BPW receives German Innovation Awards

Equipment specialist, BPW, has received three German Innovation Awards for giving cargo a voice through sensors and digital connectivity.

BPW Group operates two innovation laboratories which are dedicated to mechatronics and Internet of Things (IoT) respectively.

The innovation teams work with vehicle manufacturers, hauliers and shippers to develop new transport applications, and have used agile methods to bring new ideas to market in record time.

BPW’s intelligent load securing system, iGurt, recently received the German Innovation Award in ‘Gold’ in the ‘Excellence in Business to Business – Automotive Technologies’ category.

The iGurt is reported to be worth its weight in gold for hauliers who have to claim transport damages of around 1.2 billion euros annually from their insurance companies.

“Inadequately secured cargo can not only fall over, it can even cause the entire drawbar trailer to lurch from side to side and tip over, causing devastating accidents,” said BPW. “Up until now, truck drivers have only secured their cargo on the basis of their instincts and visual judgement. If the strap is too tight, however, it can damage the cargo. If it’s too loose, it can start to slip and come completely detached from the lock.”

Product Manager, Katharina Kermelk, at BPW’s Innovation Center for Mechatronics in Wiehl, Germany, is now giving the lashing strap a voice: an easy-to-use, robust sensor fastened to the strap displays the preload directly on the housing by means of an LED and transmits it to an app on the driver’s mobile phone while driving.

“The iGurt could considerably simplify load securing checks by the police, for example,” said Kermelk. “It is conceivable that trucks equipped with the iGurt could be inspected and waved through remotely. And digital cargo securing is also necessary for autonomous transport – when trucks drive themselves, the cargo must also be able to monitor itself, report on its own and most importantly, stop the vehicle in the event of an emergency. This is also why the iGurt has attracted a great deal of interest from research institutions and innovation laboratories in the vehicle and insurance sectors that are working on the autonomous transport system of the future.”

Meanwhile, Head of BPW Innovation Laboratory in Siegburg, Alexander Lutze, is adamant that autonomous cargo must come before autonomous driving. He works with senders to develop an ’Internet of Transport’ where goods goods remain in constant contact with ERP and merchandise management systems like SAP while on their way from A to B.

This system, according to BPW, is what gives senders the ability to track the flow of goods across different locations. This is made possible by a small, robust sensor attached to the cargo carrier or the cargo itself. It uses an innovative ultra narrowband network to transmit location, temperature and vibration data. Since the CargoTracer works without expensive and power-hungry mobile radio technology, it makes cargo tracking affordable for the first time. The battery lasts up to five years. For the jury of the German Innovation Award, this solution deserved two awards: the CargoTracer was named the winner in the ‘Excellence in Business to Business – Logistics & Infrastructure’ and ‘Design Thinking’ categories.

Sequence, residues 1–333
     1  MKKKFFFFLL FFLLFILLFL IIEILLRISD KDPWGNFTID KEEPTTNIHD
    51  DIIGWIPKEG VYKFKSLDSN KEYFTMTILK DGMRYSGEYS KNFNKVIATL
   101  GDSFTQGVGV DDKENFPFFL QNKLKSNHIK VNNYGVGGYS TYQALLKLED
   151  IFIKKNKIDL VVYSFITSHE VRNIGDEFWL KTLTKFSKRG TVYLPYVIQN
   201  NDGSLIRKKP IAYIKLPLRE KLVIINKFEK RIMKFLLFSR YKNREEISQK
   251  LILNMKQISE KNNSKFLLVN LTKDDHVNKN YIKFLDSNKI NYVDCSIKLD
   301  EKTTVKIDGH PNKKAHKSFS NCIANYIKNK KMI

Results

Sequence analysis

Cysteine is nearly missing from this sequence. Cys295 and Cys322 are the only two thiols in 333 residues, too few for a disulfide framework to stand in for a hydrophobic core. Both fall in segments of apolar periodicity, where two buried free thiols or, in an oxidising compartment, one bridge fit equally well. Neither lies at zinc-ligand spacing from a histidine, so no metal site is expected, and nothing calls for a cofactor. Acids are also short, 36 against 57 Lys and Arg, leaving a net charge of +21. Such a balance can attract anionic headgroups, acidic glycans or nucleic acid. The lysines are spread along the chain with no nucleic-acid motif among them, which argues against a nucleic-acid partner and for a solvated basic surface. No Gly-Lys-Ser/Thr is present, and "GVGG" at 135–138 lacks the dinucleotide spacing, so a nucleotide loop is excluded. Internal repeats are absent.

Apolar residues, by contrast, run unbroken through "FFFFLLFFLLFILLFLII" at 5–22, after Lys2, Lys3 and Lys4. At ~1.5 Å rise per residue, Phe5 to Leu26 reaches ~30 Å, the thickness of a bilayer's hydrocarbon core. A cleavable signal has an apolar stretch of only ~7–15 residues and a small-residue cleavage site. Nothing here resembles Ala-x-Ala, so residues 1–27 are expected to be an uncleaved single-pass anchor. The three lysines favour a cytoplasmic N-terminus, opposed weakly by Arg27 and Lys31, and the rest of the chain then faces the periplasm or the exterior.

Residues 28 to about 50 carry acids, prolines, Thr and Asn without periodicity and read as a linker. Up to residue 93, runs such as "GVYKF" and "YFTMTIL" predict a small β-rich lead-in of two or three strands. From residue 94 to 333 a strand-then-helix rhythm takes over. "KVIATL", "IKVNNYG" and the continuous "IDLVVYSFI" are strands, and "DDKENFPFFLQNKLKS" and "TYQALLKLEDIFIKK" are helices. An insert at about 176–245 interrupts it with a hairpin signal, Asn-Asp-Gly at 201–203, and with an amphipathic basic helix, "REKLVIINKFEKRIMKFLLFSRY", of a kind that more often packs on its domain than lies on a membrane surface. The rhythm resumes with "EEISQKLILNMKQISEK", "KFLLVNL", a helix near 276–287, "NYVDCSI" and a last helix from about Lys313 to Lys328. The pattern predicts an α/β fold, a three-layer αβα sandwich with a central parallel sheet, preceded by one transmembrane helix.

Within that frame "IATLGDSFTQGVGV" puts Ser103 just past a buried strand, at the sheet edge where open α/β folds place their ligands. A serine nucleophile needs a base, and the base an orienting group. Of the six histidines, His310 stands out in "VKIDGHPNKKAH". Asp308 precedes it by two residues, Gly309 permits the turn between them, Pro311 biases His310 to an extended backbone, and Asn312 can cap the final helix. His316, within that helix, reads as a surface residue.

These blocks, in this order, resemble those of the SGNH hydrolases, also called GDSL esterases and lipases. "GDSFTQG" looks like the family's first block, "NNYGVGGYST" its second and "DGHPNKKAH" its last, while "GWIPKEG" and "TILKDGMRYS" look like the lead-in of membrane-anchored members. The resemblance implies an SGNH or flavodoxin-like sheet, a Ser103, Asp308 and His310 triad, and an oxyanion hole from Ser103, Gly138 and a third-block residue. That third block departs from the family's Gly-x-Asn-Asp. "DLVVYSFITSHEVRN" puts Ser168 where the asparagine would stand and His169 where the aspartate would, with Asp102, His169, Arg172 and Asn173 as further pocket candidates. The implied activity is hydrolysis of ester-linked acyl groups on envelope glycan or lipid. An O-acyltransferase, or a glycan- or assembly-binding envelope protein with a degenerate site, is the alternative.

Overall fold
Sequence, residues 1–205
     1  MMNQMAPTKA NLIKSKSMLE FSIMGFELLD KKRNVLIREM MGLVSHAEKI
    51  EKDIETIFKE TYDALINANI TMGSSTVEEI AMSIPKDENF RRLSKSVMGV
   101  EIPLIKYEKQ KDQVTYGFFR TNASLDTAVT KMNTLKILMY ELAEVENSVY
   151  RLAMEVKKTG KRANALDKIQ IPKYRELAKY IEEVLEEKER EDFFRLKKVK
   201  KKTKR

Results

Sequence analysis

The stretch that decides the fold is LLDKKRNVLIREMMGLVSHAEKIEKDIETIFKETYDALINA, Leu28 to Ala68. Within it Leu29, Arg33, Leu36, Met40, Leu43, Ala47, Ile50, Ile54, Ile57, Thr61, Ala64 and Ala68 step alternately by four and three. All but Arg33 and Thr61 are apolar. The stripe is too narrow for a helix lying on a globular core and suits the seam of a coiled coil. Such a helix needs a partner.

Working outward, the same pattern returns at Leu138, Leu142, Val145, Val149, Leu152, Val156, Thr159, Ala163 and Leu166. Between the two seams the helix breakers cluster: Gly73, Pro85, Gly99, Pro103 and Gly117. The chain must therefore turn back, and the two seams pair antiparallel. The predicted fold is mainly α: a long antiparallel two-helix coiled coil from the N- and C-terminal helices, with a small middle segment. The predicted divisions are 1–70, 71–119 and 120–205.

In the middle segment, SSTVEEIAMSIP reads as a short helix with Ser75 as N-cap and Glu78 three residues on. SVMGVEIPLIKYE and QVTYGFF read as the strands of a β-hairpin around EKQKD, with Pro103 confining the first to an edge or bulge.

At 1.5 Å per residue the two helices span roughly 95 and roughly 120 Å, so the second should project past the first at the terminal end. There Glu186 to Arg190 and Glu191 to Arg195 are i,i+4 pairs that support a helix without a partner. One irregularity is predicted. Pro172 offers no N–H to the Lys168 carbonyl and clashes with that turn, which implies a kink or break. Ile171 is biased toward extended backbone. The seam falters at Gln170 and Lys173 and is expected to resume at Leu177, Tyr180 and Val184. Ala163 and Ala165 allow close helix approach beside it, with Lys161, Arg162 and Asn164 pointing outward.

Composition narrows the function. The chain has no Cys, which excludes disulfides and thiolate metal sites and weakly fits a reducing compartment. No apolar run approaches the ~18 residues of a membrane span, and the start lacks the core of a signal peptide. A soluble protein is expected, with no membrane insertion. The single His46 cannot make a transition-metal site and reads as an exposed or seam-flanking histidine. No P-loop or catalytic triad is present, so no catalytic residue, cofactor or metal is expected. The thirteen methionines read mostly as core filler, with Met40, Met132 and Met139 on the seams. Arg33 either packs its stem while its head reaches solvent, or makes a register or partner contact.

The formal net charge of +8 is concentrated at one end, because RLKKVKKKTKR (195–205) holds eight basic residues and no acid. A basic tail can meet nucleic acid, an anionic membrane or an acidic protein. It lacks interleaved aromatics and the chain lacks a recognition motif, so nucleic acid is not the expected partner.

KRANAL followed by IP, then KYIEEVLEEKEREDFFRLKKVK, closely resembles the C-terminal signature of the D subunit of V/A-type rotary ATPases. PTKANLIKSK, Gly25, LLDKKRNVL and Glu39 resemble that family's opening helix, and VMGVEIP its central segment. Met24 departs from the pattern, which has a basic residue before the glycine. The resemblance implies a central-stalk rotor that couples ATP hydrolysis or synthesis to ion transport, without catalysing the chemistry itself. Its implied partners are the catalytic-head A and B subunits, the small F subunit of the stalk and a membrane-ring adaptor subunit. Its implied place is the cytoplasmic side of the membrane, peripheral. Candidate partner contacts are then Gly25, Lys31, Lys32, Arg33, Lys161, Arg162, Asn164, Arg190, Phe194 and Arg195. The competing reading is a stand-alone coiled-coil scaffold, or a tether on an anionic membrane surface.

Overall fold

The German Innovation Award is presented by the German Design Council to groundbreaking innovations that have a lasting effect and offer users real added value.

“The submitted innovations are evaluated with a focus on user-centricity,” said German Design Council Managing Director, Andrej Kupetz. “It is the distinguishing feature of the German Innovation Award. This is especially successful if future users are involved in product and design development at an early stage.”

The German Innovation Award’s evaluation criteria include aspects such as the level of innovation, user benefit, and cost-effectiveness. The winners were chosen by a jury of distinguished experts – including physicists, patent consultants, computer scientists, financing specialists, product designers, technology historians and marketers.

“This is how we guarantee an individual, neutral and professional assessment,” said Kupetz.

The German Innovation Award was initiated and implemented by the German Design Council, which was established by German parliament in 1953 and funded by the Federation of German Industries (BDI). The foundation’s mission is to enhance the competitiveness of German companies, which it has been pursuing for 66 years.

(Image L-R: Head of the BPW Innovation Lab, Alexander Lutze, with the CargoTracer and Product Manager for the iGurt, Katharina Kermelk.)

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